This Mama Story belongs to my dear friend and colleague Sarah Rosensweet.
I met Sarah the way we tend to make friends in this digital age: on the internet. I found out about her work through a Facebook group, and despite not having any need for parenting tips, I have diligently read every single one of her posts.
Why? I think you will realize the answer for yourself in a minute. Sarah’s writing is beautifully honest. No skirting around the hard issues. No BS. Her advice comes with a sense of intuition, expertise, and a gentle loving attitude. I know you will love what she has to share and I hope you join us in the Facebook group to share your thoughts!
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I was 30 when I had my first baby.
It was a shock- especially after a decade of doing whatever-I-wanted-to-whenever-I-wanted-to.
I was absolutely in love with my son and ecstatic to be a mother. But I seriously mourned my loss of freedom and independence.
I missed my life before my baby was born.
Everyone said “Oh wait til you have more than one.”
But, looking back, the transition from one child to two, then two children to three, was easier than than that first transition from woman to mother.
Having my kids was the best thing I ever did- but it was so hard not to lose myself in the process.
My son was not an easy baby.
During his fussy hours, all he wanted to do was nurse.
For the first few months I spent HOURS in the evenings sitting in the glider switching him back and forth between breasts.
I needed to ask for help if I wanted a glass of water.
Even outside of the hours spent breastfeeding, it seemed my baby needed me all the time.
He was not the type of baby who would lay peacefully in his cradle gazing at a mobil.
He was a carry-me-hold-me-nurse-me sort of guy.
I could no longer go to the bathroom or take a shower whenever I wanted to.
If I wanted to get my haircut, I had to get someone to watch the baby.
I couldn’t even make a sandwich when I was hungry!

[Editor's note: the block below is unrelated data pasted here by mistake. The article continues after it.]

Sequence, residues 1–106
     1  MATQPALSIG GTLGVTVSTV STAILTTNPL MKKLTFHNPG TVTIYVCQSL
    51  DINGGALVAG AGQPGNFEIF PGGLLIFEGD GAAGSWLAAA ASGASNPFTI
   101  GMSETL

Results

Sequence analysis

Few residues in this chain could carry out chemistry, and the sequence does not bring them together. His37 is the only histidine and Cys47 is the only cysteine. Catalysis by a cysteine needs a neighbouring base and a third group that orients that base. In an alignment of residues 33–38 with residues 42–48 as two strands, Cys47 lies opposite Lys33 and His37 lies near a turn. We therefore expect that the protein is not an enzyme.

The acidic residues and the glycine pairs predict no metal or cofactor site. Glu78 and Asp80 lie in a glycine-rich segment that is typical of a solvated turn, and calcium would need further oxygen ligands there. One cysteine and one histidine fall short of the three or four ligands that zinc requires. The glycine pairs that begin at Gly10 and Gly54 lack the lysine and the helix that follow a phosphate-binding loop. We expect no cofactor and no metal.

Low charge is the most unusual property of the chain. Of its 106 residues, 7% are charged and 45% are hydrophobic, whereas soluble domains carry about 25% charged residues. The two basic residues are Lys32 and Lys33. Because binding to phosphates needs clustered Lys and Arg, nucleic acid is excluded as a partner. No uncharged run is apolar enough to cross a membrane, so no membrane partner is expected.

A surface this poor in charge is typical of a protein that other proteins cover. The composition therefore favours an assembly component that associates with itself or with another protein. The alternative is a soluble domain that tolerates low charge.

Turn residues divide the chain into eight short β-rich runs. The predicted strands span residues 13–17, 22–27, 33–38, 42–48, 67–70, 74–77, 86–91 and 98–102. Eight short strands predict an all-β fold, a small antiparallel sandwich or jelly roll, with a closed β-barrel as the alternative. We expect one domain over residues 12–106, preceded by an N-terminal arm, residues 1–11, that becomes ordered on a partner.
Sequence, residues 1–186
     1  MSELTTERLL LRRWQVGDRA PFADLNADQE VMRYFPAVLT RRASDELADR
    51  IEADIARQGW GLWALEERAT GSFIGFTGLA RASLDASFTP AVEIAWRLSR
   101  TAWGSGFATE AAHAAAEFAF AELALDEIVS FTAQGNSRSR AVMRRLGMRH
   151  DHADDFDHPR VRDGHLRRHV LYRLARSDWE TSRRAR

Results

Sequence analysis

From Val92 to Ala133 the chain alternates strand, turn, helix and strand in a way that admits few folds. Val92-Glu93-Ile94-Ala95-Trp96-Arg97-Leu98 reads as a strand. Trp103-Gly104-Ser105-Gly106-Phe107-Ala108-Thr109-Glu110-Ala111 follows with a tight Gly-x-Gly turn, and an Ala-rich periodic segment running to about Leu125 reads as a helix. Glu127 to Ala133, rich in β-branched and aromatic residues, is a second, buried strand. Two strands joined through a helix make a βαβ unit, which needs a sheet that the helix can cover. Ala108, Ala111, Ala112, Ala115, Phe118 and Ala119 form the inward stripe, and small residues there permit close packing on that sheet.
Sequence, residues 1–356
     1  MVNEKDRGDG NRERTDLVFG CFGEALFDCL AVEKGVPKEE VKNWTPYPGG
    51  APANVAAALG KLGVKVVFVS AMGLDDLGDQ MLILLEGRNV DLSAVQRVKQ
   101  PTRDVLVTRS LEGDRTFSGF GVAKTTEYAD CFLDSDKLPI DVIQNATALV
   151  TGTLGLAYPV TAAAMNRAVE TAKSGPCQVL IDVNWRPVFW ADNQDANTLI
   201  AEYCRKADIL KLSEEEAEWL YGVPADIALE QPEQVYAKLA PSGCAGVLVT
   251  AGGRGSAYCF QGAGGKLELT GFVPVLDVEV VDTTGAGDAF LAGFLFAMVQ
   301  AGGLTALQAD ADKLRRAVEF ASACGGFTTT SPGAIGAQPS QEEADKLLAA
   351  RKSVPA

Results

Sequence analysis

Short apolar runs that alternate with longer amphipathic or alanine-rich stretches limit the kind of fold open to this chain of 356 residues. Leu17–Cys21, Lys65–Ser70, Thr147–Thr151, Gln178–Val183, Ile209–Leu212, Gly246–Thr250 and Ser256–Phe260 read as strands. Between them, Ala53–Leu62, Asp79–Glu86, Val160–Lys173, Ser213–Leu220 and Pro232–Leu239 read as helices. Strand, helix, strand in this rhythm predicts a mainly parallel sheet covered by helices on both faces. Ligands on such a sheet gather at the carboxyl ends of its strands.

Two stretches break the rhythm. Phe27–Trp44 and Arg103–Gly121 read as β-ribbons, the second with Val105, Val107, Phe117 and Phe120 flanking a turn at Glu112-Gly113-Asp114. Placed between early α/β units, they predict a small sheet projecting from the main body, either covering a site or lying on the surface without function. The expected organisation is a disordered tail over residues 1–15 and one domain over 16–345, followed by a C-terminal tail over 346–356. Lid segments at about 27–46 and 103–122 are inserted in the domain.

Before I had a baby- I prided myself on being extraordinarily capable.
I was the one who did things for other people — not the other way around.
There were moments of despair.
It was so hard for me to be helpless.
My new life was unrecognizable compared to my old.
A common piece of advice for new moms is: “Sleep when your baby sleeps.”
Yes as new moms we are often exhausted.
But I realized it was important to use that precious nap time to feel some connection to my old life, and to the old me.
Don’t sleep when the baby sleeps. Use that time to do something for yourself.
Do you draw?
Love to write?
Get stretchy with yoga?
What do you do that’s just for you?
When my baby was napping, I used my time to read. I would make a big cup of tea and set myself up in a cozy chair and read.
Ignore the dishes.
They will eventually get done.
Same with the laundry and other household chores.
Invite a friend over to hold the baby while you do the dishes (or better, get your friend to do the dishes!)
It is so easy to lose yourself in the demands of new motherhood.
When the baby is sleeping– and the house is quiet and you are alone– do something that reminds you of who you are.
Let us know in the comments below or in the Facebook group what is one thing you are going to do with joy the next time your little one goes down for a nap.
Sarah Rosensweet is a Toronto-based parent coach and educator offering one-on-one support for new mothers and parents of toddlers-to teens. She has over 20 years of experience working with children and their families. She is mom to three big kids, ages 7, 10, and 14.